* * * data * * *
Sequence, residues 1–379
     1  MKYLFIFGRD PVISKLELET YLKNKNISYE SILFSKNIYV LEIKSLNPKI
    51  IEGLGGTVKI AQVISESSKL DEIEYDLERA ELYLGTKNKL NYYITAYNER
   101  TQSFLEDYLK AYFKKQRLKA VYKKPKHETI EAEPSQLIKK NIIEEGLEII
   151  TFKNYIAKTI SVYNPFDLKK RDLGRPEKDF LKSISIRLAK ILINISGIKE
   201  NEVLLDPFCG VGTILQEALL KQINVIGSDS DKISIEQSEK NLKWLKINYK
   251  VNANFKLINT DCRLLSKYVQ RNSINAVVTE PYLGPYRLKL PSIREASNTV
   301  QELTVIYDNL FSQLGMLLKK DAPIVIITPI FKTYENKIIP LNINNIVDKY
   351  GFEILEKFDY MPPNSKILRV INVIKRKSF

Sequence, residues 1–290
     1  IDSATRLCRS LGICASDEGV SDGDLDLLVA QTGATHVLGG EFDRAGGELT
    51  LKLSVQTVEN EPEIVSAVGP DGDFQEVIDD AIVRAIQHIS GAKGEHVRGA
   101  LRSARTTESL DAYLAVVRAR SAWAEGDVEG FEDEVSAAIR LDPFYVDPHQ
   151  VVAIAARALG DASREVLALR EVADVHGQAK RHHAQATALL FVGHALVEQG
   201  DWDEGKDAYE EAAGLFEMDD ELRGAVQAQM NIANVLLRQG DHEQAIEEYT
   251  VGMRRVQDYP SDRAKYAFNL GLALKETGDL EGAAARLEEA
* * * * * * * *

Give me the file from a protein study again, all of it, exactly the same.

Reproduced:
Sequence, residues 1–379
     1  MKYLFIFGRD PVISKLELET YLKNKNISYE SILFSKNIYV LEIKSLNPKI
    51  IEGLGGTVKI AQVISESSKL DEIEYDLERA ELYLGTKNKL NYYITAYNER
   101  TQSFLEDYLK AYFKKQRLKA VYKKPKHETI EAEPSQLIKK NIIEEGLEII
   151  TFKNYIAKTI SVYNPFDLKK RDLGRPEKDF LKSISIRLAK ILINISGIKE
   201  NEVLLDPFCG VGTILQEALL KQINVIGSDS DKISIEQSEK NLKWLKINYK
   251  VNANFKLINT DCRLLSKYVQ RNSINAVVTE PYLGPYRLKL PSIREASNTV
   301  QELTVIYDNL FSQLGMLLKK DAPIVIITPI FKTYENKIIP LNINNIVDKY
   351  GFEILEKFDY MPPNSKILRV INVIKRKSF

Sequence, residues 1–290
     1  IDSATRLCRS LGICASDEGV SDGDLDLLVA QTGATHVLGG EFDRAGGELT
    51  LKLSVQTVEN EPEIVSAVGP DGDFQEVIDD AIVRAIQHIS GAKGEHVRGA
   101  LRSARTTESL DAYLAVVRAR SAWAEGDVEG FEDEVSAAIR LDPFYVDPHQ
   151  VVAIAARALG DASREVLALR EVADVHGQAK RHHAQATALL FVGHALVEQG
   201  DWDEGKDAYE EAAGLFEMDD ELRGAVQAQM NIANVLLRQG DHEQAIEEYT
   251  VGMRRVQDYP SDRAKYAFNL GLALKETGDL EGAAARLEEA